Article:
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article imageWhy brokers are making it tough for startups to find office space

By John Boitnott     Mar 19, 2015 in Business
As you search for new office space, remember that brokers are on the lookout for certain behaviors that tell them you may not actually be interested.
If you’re an entrepreneur or founder of a startup and you’re in the market for commercial space, congratulations! That’s a huge milestone and one that many businesses don’t reach easily—if ever. However, commercial space, whether owned or leased, is often the most expensive overhead item you can get. In addition to the sheer cost of rent or a mortgage, it also introduces new types of insurance, utility bills, and an increased risk since employees and/or customers may get hurt on your property. After all, slip and falls are the most common personal injury claim outside of auto collisions.
However, don’t get so caught up in the shopping excitement that you turn off brokers. Brokers are your secret weapon for finding the right commercial space quickly and within a budget. They’re also not in desperate need of your business since it’s still a bit of a seller’s market. They often work with renters and landlords, so brokers can afford to cherry pick their clients.
Unfortunately, a lot of entrepreneurs accidentally turn off brokers from the get go. Have you tried reaching out but haven’t had any calls returned? According to these brokers, you might be making one of these common mistakes:
Short and Sweet?
OfficeSpace is a company that specializes in matching office spaces with startups and entrepreneurs. After analyzing more than 10,000 emails, they found that short term renters are often the most ignored. It makes sense. If you’re looking for a short term lease and make that clear in your initial email or ask, you just might not be a profitable client. You also may not know what you really want or be financially sound. If that sounds like you, consider hot desking it or seeking out your own short term lease. For a broker, the ROI of working with you just isn’t there.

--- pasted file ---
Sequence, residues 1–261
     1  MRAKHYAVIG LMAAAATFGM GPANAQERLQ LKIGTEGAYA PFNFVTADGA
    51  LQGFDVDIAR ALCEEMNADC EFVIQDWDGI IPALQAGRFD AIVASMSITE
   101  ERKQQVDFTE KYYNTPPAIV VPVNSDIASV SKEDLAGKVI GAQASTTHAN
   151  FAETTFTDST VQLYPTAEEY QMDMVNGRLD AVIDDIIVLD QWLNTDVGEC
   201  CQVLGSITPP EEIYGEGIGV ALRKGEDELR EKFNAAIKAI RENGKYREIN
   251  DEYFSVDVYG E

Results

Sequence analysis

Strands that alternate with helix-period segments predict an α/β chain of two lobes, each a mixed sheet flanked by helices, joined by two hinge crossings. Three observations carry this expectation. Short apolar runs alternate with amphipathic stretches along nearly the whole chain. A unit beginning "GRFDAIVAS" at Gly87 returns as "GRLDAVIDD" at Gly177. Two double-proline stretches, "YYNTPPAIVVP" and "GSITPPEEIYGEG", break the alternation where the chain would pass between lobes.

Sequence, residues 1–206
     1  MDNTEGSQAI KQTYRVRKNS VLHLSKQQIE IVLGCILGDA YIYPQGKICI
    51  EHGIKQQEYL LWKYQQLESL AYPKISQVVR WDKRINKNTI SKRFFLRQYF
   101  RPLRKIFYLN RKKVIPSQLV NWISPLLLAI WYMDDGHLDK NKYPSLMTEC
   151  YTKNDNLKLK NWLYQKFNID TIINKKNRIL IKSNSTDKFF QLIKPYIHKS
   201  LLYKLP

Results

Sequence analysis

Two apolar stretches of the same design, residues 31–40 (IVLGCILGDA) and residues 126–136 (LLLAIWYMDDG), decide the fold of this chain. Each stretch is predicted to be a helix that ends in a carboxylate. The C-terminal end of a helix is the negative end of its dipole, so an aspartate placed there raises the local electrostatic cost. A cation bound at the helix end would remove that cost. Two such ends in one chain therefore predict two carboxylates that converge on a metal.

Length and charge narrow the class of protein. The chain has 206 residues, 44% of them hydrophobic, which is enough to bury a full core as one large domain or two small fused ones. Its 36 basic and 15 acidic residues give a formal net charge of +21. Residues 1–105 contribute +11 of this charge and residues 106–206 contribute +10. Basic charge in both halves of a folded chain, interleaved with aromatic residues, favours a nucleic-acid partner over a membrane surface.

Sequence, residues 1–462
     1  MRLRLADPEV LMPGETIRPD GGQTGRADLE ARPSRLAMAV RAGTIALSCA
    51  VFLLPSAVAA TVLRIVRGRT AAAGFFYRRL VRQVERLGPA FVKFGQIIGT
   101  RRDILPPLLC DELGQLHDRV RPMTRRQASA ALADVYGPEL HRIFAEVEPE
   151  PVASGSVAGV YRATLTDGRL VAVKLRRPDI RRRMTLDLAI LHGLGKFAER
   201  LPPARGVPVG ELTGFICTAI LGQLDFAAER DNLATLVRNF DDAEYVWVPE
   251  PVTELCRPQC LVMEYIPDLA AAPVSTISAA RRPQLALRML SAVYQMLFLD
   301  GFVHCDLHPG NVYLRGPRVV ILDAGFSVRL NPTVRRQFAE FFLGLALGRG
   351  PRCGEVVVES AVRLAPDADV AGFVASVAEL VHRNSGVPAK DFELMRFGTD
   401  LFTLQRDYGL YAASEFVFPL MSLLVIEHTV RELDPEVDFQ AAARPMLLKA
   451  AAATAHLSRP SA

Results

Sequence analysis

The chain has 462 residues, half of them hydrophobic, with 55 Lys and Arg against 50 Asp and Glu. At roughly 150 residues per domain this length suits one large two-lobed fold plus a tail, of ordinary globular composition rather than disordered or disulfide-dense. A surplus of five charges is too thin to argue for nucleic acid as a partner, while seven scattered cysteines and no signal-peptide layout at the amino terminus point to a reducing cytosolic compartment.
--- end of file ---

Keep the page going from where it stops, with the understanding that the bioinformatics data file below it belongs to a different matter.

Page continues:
The Conspiracy Theorist
Okay, maybe you don’t actually think brokers are part of a conspiracy theory keeping the best commercial spaces from you, but you’re secretive. You don’t want to talk hard figures, you don’t want to share what exactly your startup does, and you’re not very quick to respond. This may be in the interest of protecting your million dollar idea (or maybe your just flakey), but remember that brokers are on your side and want to make sales. They’re not going to steal your idea—they’re brokers, not investors or startup gurus. However, if you’re not forthcoming, they’re not going to drag the information out of you. They’ll just move on.
You “Just Don’t Know”
It’s not the job of a broker to figure out what you want—that’s your job. They can certainly help you fine tune things, but do your research and have a budget in place before you even reach out to a broker. It’s also very easy to tell when a client hasn’t researched or they’re just window shopping. If you don’t know what you want, you probably shouldn’t be asking for a professional broker's help yet. If you show that you’re informed, ready to lease/buy and have a reasonable timeframe and budget, you’ll much likelier connect with a broker.
Before you find a broker, make sure to ask yourself if you really want commercial space at all. It’s expensive, it totally changes the atmosphere of your company, and you may not need it. Obviously a startup such as a restaurant needs space, but if you can swing telecommuting or virtual offices, why not? It saves money, the environment, and lets you work in yoga pants from anywhere you like. A business doesn’t need an office to be "real."
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